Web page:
Because it is typically consumed in small quantities, Aleppo pepper is unlikely to contribute many calories or macronutrients to your overall diet (much like other spices used in cooking).

However, Aleppo pepper is high in flavonoids, compounds with antioxidant and anti-inflammatory properties (3, 4). 

Aleppo pepper also contains capsaicin, the chemical responsible for the spiciness in chile peppers, which acts as an antioxidant and natural pain reliever (2, 3, 5).

How is Aleppo pepper made?

Aleppo pepper (also called Halaby pepper) is a chile pepper named after Aleppo, a city located in northern Syria where it is believed to have originated.

Before the Syrian civil war, Aleppo pepper was imported directly from Aleppo. Now, most products labeled “Aleppo pepper” are actually sourced from southern Turkey, just north of Aleppo.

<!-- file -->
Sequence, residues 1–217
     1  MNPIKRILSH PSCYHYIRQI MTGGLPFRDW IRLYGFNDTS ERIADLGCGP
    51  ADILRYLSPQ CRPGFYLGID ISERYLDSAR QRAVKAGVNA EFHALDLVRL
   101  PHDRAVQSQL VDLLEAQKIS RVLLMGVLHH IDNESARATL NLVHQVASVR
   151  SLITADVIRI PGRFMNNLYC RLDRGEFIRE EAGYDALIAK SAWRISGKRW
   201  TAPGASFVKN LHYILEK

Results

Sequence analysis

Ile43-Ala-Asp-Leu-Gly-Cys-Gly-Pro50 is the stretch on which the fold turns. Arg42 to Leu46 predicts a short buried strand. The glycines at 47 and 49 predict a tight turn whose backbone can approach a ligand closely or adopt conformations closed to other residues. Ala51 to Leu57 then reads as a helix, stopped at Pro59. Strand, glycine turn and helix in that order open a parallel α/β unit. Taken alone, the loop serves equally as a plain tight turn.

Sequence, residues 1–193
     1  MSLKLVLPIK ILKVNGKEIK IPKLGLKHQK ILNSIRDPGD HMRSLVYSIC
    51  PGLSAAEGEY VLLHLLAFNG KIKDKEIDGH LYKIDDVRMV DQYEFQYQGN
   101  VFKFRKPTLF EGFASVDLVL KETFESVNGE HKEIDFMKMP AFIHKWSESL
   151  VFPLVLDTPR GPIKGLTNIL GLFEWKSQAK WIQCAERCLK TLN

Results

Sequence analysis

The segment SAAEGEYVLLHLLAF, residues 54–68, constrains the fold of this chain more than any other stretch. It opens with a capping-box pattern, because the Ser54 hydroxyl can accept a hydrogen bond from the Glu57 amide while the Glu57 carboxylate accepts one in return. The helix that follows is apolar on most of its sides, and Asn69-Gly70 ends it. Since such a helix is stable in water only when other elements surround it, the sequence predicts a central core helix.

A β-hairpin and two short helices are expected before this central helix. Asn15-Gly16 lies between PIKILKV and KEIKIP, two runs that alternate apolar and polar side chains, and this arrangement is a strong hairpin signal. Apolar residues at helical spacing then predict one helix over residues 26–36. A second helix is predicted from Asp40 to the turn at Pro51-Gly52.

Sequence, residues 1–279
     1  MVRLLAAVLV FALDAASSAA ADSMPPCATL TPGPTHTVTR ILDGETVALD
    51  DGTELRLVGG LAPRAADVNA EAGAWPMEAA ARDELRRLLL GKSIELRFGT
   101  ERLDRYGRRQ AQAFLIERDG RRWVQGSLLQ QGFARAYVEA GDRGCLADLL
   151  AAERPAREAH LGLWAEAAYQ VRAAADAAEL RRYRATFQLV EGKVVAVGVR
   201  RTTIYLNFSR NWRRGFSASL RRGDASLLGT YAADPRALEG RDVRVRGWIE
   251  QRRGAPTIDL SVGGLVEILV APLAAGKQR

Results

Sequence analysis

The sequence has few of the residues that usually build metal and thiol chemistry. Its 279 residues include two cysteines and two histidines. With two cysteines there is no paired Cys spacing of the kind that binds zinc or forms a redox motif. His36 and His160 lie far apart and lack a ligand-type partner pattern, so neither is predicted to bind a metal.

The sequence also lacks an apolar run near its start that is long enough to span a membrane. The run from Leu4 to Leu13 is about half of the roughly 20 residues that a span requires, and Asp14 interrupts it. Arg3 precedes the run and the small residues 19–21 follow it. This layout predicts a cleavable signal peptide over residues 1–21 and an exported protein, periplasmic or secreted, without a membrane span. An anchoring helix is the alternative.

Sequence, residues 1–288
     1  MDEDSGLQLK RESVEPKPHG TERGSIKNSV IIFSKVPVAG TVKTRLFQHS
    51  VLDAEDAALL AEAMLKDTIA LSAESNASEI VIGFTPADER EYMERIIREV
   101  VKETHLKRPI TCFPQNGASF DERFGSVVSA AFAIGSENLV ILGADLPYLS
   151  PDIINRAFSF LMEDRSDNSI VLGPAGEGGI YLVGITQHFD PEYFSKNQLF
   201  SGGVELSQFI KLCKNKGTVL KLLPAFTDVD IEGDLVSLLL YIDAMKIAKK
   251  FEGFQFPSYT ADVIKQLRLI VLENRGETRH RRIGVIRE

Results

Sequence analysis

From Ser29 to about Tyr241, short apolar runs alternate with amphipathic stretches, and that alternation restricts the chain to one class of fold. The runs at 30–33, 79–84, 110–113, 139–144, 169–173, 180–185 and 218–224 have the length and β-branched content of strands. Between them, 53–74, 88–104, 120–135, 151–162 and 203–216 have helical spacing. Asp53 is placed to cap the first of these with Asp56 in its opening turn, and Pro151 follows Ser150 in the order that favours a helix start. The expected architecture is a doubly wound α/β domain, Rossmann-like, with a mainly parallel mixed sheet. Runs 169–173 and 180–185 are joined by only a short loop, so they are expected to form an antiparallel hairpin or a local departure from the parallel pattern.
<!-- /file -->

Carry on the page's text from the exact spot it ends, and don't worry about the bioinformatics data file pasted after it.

Many Turkish farmers have started to grow Aleppo pepper using seeds from Syria. However, some Aleppo pepper products are actually made from Marash peppers, a close relative.

Aleppo peppers are rarely used in their fresh form. Instead, they are de-seeded, sun-dried, and coarsely ground, then mixed with salt and olive oil before being allowed to dry completely.

The oil and salt give Aleppo pepper flakes a shiny appearance and a softer texture than typical crushed red pepper. They also help preserve its complex flavor and rich, burgundy color.

Where to buy Aleppo pepper

Fresh Aleppo pepper is rarely available outside of the places where it is grown. Instead, Aleppo pepper is sold almost exclusively as dried, crushed pepper flakes.

Aleppo pepper flakes typically aren’t sold at chain supermarkets, even those that have an international foods section. Your best bet is to visit Middle Eastern or Mediterranean food markets.

Another option is to purchase Aleppo pepper flakes online. Here are some of the most popular Aleppo pepper products on Amazon: